By Rabbi Moshe Meir Weiss
Last week, I started my dear wife’s life story with what I thought was most important: How she made shalom bayis her most important mission in life. Now however, I think we should start from the very beginning. My shver, father in-law, Mr. Aharon Gelbtuch, Zt”l, Zy”a, lived in Lemberg, Poland. He was married to a fine woman of Chassidishe background. In those days, many of the women played piano for personal recreation and relaxation. My shver’s wife, z”l, Hashem yinkom damah, may Hashem avenge her blood, was known as a piano phenom. But as a modest woman, she never performed. Somehow, the Nazis found out about her expertise and forced her one evening to come and play piano for a group of Nazis in a bar. With no choice, my father in-law took their little daughter with them and they went to a pub to perform for the Nazis. After she played the first song, the crowd was so mesmerized that they stood and gave her a standing ovation. This was too much for the Nazi commander to tolerate, and he took out his gun and, in front of my father in-law, he took out his gun and shot her in the face at point blank range. Still in a rage, he took out another gun fitted with a bayonet and rammed it into their young daughter’s chest, killing her as well on the spot. My shver would tell me that he doesn’t know why, but they let him go home.
He survived the war, emigrated to America, and as a 50 year-old, went out with a fine woman that was about the same age as he. They were ready to get married, but as a good chassidische Yid, he went first to the Kapitchnitzer Rebbe, Zt”l, Zy”a, to ask for his blessing. The Rebbe asked him how old the woman was and when he replied that she was in her early 50s, the Rebbe stunned him and told him that in no uncertain terms he could not marry her. When my shver asked why, he was told by the Rebbe that he must marry a bas bonim, a woman of child bearing age, so that he could rebuild what he has lost during the Holocaust. My shver persisted that he didn’t want to marry a younger woman and maybe have to leave her a young widow. The Rebbe told him that we don’t involve ourselves in the secrets of Hashem but that he had to rebuild his family. So, as a loyal chossid, he listened and went out with my future mother in-law, Devorah, Zt”l, Zy”a, who was 17 years younger. My beloved wife, Miriam Libby, Zt”l, Zy”a, was born when he was 59 years old. The rest is history.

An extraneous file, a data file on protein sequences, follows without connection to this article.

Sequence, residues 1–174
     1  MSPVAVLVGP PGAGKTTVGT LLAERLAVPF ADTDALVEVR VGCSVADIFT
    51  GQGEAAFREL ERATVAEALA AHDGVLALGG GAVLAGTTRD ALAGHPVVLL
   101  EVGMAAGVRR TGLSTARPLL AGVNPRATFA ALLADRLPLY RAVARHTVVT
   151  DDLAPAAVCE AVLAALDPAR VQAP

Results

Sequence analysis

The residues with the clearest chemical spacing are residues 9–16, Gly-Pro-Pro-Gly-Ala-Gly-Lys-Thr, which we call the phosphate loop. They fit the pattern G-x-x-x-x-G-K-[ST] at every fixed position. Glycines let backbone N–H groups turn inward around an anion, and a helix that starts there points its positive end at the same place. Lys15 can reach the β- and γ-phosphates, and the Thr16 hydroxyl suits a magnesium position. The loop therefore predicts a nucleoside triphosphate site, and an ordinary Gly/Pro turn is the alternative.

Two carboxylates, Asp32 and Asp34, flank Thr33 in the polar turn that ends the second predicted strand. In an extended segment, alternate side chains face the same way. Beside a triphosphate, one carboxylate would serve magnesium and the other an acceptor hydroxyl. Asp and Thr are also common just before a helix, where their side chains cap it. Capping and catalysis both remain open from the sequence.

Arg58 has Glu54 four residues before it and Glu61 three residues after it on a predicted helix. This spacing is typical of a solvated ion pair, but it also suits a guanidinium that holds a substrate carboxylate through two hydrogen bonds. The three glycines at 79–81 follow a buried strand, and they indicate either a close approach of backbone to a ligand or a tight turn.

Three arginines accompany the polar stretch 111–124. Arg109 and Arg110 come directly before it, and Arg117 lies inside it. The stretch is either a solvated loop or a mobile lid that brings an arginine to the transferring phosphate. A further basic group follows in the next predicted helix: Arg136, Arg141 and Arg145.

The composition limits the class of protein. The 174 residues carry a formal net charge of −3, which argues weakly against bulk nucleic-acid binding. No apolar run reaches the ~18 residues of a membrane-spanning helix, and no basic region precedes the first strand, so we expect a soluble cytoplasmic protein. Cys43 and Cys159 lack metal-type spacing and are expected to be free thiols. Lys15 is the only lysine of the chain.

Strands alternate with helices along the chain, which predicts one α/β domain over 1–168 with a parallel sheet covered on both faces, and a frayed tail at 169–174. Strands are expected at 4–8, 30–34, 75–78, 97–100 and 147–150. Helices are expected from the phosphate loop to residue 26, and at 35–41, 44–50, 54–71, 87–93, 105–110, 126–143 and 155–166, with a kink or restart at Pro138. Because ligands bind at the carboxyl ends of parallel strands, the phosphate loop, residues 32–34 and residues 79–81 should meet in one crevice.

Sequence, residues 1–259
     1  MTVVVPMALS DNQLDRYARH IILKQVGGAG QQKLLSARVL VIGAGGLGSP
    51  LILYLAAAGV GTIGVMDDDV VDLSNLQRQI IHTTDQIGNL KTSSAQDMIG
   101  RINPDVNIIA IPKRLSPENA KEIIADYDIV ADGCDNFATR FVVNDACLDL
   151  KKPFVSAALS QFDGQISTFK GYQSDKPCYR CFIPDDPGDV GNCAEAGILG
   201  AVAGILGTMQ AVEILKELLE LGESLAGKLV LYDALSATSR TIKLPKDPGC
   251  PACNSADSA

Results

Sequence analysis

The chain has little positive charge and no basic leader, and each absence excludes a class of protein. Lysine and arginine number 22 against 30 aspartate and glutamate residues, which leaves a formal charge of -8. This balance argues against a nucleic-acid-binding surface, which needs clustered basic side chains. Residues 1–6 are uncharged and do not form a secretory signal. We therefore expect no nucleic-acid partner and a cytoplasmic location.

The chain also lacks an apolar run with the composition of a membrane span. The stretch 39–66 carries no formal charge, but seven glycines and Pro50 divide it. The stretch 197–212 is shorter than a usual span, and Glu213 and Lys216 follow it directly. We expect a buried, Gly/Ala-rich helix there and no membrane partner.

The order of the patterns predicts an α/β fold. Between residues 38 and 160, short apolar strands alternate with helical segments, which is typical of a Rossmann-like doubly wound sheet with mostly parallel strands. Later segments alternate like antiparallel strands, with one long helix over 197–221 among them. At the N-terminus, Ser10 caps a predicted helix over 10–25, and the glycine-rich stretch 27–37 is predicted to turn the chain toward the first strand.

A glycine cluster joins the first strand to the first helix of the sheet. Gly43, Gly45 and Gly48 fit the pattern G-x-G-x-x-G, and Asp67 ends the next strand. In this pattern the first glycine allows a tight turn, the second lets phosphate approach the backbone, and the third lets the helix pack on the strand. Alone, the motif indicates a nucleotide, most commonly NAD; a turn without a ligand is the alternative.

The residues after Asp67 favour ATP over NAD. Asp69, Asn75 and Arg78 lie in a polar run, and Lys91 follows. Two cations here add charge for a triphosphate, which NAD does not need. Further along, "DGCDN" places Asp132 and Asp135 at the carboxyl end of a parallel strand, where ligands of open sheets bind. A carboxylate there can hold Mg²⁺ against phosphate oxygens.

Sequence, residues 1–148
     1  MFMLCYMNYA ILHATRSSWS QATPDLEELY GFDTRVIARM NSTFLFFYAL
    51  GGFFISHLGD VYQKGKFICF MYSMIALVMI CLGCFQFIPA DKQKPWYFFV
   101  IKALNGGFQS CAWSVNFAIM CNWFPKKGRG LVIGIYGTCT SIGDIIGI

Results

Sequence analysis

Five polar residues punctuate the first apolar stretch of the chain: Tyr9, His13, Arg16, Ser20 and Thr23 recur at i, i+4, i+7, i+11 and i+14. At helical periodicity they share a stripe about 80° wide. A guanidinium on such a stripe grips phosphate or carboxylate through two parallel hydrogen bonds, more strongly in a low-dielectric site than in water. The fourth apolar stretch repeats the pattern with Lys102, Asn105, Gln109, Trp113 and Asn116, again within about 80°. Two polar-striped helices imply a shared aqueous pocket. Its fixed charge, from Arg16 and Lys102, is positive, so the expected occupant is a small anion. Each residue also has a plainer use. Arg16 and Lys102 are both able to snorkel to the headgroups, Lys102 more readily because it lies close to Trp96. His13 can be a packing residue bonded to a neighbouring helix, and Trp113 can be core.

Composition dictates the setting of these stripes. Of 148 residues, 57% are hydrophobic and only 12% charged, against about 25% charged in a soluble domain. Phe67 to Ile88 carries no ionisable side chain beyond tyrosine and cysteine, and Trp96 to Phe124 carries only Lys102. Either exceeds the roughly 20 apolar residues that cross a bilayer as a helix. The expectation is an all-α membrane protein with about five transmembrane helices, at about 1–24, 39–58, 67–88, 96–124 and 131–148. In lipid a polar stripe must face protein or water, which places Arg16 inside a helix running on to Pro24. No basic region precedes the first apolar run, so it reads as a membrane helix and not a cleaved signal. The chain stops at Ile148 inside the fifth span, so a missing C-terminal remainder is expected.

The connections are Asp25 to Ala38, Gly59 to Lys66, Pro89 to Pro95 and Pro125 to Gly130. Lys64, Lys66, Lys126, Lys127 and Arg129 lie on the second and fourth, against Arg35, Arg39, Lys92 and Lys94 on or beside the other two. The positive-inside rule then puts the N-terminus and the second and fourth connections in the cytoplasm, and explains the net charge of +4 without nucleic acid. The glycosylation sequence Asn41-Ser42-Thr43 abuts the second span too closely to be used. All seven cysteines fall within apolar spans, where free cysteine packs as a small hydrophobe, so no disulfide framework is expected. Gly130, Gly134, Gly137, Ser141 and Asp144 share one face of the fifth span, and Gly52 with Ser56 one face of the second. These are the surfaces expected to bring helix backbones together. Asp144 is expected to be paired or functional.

We should reflect upon the fact that if my shver would have not listened, or even more importantly, not asked, their three daughters and countless grand-children and great grand-children would never have come to be. How important it is to have a spiritual guide in our lives and to learn how to listen even when it’s difficult! Incidentally, my shver would outlive his wife, passing away in our home at the ripe old age of 82.
May it be the will of Hashem, in the merit of our having a Rav or other spiritual mentor, that we should be blessed with long life, good health, and everything wonderful.
Please learn, give tzedaka, and daven l’iluy nishmas of Miriam Liba bas Aharon.
Sheldon Zeitlin takes dictation of, and edits, Rabbi Weiss’s articles.
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